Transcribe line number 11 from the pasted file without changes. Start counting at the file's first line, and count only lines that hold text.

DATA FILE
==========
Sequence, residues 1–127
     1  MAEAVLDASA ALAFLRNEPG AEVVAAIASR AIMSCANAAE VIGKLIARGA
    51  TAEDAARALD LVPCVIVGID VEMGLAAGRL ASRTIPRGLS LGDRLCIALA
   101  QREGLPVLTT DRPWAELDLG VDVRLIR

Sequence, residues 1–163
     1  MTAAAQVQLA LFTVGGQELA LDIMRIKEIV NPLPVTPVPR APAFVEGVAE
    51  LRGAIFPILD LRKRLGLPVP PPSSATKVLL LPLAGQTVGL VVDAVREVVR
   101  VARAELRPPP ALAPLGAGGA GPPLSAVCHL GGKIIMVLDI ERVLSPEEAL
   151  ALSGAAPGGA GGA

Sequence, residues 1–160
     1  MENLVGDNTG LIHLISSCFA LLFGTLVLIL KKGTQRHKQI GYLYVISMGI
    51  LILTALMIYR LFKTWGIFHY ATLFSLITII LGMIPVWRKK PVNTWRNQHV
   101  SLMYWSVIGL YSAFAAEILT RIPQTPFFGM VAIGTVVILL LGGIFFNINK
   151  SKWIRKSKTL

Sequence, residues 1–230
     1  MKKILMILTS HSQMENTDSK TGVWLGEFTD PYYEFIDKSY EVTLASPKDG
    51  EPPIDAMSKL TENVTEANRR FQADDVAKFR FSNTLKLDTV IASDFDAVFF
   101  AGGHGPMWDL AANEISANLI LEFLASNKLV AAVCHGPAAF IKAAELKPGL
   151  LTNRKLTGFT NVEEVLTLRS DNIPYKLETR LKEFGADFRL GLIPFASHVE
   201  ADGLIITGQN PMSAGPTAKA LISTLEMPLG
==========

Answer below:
     1  MENLVGDNTG LIHLISSCFA LLFGTLVLIL KKGTQRHKQI GYLYVISMGI